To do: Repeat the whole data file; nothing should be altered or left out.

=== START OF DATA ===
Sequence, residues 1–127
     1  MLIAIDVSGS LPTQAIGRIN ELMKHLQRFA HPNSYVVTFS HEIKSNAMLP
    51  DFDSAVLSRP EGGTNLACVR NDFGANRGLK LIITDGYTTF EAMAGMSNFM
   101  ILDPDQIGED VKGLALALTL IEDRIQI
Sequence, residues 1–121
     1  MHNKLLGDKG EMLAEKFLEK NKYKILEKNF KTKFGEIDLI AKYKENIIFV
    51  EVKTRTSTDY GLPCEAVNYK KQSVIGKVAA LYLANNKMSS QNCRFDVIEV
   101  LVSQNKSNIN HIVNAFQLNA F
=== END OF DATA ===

Sequence, residues 1–127
     1  MLIAIDVSGS LPTQAIGRIN ELMKHLQRFA HPNSYVVTFS HEIKSNAMLP
    51  DFDSAVLSRP EGGTNLACVR NDFGANRGLK LIITDGYTTF EAMAGMSNFM
   101  ILDPDQIGED VKGLALALTL IEDRIQI
Sequence, residues 1–121
     1  MHNKLLGDKG EMLAEKFLEK NKYKILEKNF KTKFGEIDLI AKYKENIIFV
    51  EVKTRTSTDY GLPCEAVNYK KQSVIGKVAA LYLANNKMSS QNCRFDVIEV
   101  LVSQNKSNIN HIVNAFQLNA F